"So whether you look at me as a champion or not, it doesn't make a difference. The only thing it was is, we fought at a catchweight, and me having a belt allows me to have this opportunity to fight Dierry Jean. That's it. That's all that belt means."

Jean, however, has a different perspective.

"This fight means everything for me," Jean said. "I've been working so hard to get there, and now I'm there. It's to go conquer the belt. It's a lot for me. I think I deserve it now. I work so hard, from the bottom of my heart. So now it's time to go get that belt. It's my time now. Lamont did his time. Now it's my time. I'm going to go out there and go grab that belt.

"We are doing everything the way we should be, as if we are home. We are not here as tourists. We are here to get the job done, to take that belt and go back home with it. Look, I am here on a mission to bring that belt back. And having met Lamont, nothing changes."

Peterson may not care about the belt or the fact that he got knocked silly in his previous fight, but a rough KO can have an impact on a fighter's career.

Had Peterson beaten Matthysse, he likely would be earning in the high six figures, if not low seven figures, for Saturday's fight against Jean (25-0, 17 KOs), a native of Haiti, who has lived in Montreal since he was 10 and began boxing at 18.

The loss to Matthysse, however, left Peterson's fight with Jean significantly devalued. When the sides couldn't make a deal, it went to a purse bid and Golden Boy, Peterson's promoter, won the right to promote the fight for just $156,000. That means that Peterson, entitled to the titleholder's 75 percent of the winning offer, will earn $117,000 -- a fraction of what he would have earned had he beaten Matthysse.

"Yeah, of course I know that," said Peterson, who turns 30 on Friday. "It's not my first loss, so I know that. It has happened before, but at the end of the day, as a fighter, my mentality has to be, 'Who cares?' Who's going to sit around thinking about their last fight if it didn't go the way they wanted it to go?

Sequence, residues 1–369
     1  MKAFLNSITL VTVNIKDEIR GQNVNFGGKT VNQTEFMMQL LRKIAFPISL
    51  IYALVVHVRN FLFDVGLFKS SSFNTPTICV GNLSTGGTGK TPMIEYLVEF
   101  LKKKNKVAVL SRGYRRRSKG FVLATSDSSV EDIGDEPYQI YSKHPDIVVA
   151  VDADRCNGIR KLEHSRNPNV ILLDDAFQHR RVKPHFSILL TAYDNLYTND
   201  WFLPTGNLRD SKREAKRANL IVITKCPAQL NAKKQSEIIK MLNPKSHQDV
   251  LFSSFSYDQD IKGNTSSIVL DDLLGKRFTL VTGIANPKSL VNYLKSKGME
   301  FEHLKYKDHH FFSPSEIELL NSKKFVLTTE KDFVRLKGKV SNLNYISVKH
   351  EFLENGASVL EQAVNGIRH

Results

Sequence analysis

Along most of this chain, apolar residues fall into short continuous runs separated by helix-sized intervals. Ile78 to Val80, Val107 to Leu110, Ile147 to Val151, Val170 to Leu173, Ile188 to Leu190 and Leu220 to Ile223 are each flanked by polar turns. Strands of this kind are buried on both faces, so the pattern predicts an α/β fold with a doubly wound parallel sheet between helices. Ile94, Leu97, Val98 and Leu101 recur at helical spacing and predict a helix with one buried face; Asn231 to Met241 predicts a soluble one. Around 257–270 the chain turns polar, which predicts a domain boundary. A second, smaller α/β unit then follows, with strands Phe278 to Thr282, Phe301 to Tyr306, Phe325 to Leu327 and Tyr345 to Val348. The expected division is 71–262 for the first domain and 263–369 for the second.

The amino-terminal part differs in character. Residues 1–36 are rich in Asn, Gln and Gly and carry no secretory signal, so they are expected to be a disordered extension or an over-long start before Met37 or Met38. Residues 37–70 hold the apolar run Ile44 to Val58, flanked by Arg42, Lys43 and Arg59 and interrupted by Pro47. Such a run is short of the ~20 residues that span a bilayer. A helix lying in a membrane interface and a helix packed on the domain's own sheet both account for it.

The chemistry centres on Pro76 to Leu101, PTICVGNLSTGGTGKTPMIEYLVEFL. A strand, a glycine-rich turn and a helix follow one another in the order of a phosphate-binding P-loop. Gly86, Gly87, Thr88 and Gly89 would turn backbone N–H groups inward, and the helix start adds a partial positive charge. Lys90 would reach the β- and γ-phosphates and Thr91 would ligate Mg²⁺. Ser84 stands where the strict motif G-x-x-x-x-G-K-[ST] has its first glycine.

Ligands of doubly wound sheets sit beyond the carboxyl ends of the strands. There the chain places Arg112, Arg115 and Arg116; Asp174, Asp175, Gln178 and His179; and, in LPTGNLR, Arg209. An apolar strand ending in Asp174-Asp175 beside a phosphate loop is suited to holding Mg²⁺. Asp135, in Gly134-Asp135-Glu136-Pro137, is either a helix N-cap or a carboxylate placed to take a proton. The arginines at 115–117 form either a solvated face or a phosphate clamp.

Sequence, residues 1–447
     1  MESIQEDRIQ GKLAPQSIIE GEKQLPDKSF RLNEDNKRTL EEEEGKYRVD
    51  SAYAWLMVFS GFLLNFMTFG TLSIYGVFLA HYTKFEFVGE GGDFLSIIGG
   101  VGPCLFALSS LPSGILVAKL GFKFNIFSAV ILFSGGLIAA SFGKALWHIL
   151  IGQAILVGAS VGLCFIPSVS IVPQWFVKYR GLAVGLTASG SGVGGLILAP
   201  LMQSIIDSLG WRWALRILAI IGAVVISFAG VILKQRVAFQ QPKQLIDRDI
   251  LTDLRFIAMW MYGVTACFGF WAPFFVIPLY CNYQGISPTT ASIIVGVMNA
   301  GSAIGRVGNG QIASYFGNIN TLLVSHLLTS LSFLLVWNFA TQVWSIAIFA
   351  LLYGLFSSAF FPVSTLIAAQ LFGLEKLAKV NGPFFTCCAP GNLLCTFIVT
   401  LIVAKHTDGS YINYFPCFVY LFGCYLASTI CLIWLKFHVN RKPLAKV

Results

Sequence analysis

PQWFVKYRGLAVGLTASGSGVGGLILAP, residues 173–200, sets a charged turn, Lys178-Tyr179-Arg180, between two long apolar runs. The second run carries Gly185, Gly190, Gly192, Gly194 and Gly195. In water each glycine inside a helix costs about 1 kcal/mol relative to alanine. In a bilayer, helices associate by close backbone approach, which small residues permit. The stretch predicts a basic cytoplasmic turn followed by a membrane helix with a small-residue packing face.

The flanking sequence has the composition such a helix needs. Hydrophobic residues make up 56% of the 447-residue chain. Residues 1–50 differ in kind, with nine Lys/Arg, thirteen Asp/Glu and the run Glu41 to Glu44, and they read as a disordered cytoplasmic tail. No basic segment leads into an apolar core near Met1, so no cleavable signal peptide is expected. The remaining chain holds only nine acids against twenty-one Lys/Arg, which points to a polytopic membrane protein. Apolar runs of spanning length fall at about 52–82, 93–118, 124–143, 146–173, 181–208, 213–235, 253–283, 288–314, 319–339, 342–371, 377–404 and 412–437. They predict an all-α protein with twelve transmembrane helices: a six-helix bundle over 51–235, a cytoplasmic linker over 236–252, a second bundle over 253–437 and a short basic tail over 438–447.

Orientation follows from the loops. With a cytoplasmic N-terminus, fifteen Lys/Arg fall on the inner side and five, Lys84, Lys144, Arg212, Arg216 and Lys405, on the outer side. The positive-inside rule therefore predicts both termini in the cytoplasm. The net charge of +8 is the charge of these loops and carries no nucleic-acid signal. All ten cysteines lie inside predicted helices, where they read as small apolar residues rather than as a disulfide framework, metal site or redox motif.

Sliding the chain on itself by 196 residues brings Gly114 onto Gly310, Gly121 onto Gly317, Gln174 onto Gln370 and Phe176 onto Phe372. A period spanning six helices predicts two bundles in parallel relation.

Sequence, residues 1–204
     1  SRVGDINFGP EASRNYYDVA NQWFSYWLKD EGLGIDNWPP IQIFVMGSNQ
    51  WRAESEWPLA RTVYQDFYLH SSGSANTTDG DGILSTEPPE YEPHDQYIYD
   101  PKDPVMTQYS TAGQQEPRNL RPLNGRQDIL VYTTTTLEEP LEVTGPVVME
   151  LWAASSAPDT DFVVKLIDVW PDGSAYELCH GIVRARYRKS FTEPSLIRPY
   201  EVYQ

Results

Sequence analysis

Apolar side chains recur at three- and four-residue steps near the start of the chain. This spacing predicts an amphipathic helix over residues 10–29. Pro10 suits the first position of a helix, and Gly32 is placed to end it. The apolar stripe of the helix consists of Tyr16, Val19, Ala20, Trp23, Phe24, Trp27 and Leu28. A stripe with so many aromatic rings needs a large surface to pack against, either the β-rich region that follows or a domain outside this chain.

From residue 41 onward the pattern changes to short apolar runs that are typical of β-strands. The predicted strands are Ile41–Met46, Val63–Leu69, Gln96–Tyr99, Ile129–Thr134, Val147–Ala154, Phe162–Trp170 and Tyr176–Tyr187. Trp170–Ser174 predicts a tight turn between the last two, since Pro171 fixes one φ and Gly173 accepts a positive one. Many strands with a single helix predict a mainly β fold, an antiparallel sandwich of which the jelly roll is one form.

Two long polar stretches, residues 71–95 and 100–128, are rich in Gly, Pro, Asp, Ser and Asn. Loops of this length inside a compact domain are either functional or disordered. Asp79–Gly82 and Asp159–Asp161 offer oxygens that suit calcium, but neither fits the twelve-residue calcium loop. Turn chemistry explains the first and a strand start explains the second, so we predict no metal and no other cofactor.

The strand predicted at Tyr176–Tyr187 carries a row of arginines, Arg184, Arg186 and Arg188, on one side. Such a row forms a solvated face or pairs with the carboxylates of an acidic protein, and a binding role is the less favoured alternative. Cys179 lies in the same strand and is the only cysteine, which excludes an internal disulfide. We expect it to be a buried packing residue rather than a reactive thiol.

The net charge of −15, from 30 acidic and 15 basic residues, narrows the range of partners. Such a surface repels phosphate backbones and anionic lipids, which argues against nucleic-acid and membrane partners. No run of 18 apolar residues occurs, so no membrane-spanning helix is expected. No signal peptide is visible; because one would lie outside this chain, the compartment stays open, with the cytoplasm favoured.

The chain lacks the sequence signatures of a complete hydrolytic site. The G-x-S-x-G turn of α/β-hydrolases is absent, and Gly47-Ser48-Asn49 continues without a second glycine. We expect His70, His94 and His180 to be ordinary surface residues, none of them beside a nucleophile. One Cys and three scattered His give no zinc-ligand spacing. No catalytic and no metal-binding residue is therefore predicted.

"The best thing to do is to pick you up, forget about it, move on. I know I can still fight. I'm still a good fighter. I have to forget about it."

Barry Hunter, Peterson's trainer, manager and father figure, said Peterson has the right attitude.

"Lamont may have a slight chip on his shoulder, but it's all business with him," Hunter said. "A lot of the times, even though he's reserved, when he gets close to a fight, he does get anxious. We see it in the gym, and I spoke to him and just told him to never act like anyone but himself. This is something that we haven't seen before, but he's been resilient, so I won't worry about it."

Peterson will face a fighter in Jean, 31, who isn't well known and doesn't have a deep résumé.

"People have said that Dierry has not fought the level of opposition that Lamont has, but he has fought very good opposition," said Camille Estephan, Jean's promoter. "Everyone needs a chance, and this is ours. We're going to grab it and run with it."

Jean will be fighting outside of Quebec for only the third time. In his second fight outside his home province, he came to the United States and scored an impressive fourth-round knockout of Cleotis "Mookie" Pendarvis last May in the title eliminator that earned him the mandatory position.

"I think he's a good little fighter," Hunter said on Jean. "I'm not a huge film guy. We usually make adjustments in fights, but based off what I saw, he's not great in one area but he's good in a lot of areas. He's hungry and he wants a title, so it should make for a good fight."